Arizona Gov. Jan Brewer’s proposed performance-funding model for schools is gaining momentum in the state legislature, as two out of three key state Senate committees required to weigh in have approved the bill.
Performance funding could become an increasingly attractive option for governors, as Richard Laine told me in an article previewing the 2013 state legislative sessions. Whether or not you think K-12 budgets in states will largely remain flat or grow significantly, governors are increasingly looking for “results” in terms of statistical numbers, and ways to reward schools that produce those results.
As I mentioned in my print story this week on K-12 finance in Ohio and Minnesota, Indiana Gov. Mike Pence in his biennial budget proposed that the 1 percent increase in fiscal 2015 state aid be “performance-based” using graduation rates, 3rd-grade literacy, and other factors. It’s also cropped up as a possibility in Michigan.
The mechanics of the proposed performance-funding model in Arizona are complicated, but they can be boiled down to a few essential parts, beginning in fiscal year 2014. School districts and individual charter schools can receive performance funding either through a total “achievement score” or through an “improvement score” that measures student growth. These separate scores are each based on a 200-point scale.
• First, for performance funding based on achievement, subtract 100 from a school’s achievement score, then multiply the result by $5.43. Set that result aside.
• Now, take the average daily attendance of the district or charter in question. Multiply that number by either $500, or the number that resulted from the calculation I told you about in the previous paragraph, whichever is smaller. The result is your performance funding based on achievement.
• Next, for performance funding based on improvement ... I’ll resist the temptation to turn this blog post into a crowded chalk board from math class. Suffice to say that once again, you’re multiplying the average daily attendance of a district or charter by either $500, or a number that results from a few operations that emphasize the difference between the achievement score in the previous year and the top achievement score from the previous five years, whichever is smaller. If there’s a decline in performance, multiplication by zero comes into play, and therefore in the end the district or charter won’t get any performance funding based on improvement.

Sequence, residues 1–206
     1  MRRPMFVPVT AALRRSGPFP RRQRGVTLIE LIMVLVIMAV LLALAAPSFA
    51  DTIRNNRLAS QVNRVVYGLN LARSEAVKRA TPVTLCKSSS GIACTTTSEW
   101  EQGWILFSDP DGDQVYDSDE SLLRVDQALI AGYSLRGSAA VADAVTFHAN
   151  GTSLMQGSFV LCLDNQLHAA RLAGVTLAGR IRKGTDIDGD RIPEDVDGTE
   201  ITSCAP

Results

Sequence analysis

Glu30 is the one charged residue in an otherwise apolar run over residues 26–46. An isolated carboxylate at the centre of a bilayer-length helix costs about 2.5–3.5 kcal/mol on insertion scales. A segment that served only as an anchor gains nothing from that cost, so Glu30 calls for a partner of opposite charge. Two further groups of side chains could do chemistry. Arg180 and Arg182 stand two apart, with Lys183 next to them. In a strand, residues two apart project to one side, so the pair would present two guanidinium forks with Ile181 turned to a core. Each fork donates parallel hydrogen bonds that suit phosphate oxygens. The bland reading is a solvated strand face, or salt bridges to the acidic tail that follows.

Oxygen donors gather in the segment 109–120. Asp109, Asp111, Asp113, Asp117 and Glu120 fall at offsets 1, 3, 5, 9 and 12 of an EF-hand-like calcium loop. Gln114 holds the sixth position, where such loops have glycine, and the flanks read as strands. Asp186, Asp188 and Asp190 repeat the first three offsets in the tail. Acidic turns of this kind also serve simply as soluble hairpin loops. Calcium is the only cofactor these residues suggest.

There are a few other important pieces. The full performance-funding amount from those calculations won’t kick in until fiscal year 2018—before then, they’ll be increased by fixed percentages each year until they’re fully available. That’s why they’re saying this performance funding is “phased in.”
Perhaps more controversially, the “base level” of state per-pupil funding is also set to decline by 1.66 percent over five years in the bill, from $3,267.72 in fiscal 2013 to $3,213.82 in fiscal 2018.
The East Valley Tribune reports that the total amount of performance funding in Brewer’s budget would be capped at $56 million in the governor’s proposed budget, and $38 million of that would be “new funding.” The remaining $18 million would be “reallocated” from districts and charters. Districts and charters that don’t qualify for either kind of performance funding would lose per-pupil funding to the reallocated $18 million.
That figure concerns people who don’t like the performance-funding model Brewer has proposed and say that demographics, not student performance, would be the real subject of performance bonuses.
“I think that any time you talk about a funding model that takes away resources from a school that’s already having problems you’re not going to have a solution that actually works,” said Rep. Chad Campbell, D-Phoenix, the House minority leader, told the paper.
The legislation has gotten the thumbs-up from the state Senate’s education and appropriations committee, and is awaiting action by the rules committee, the paper reported.
A version of this news article first appeared in the State EdWatch blog.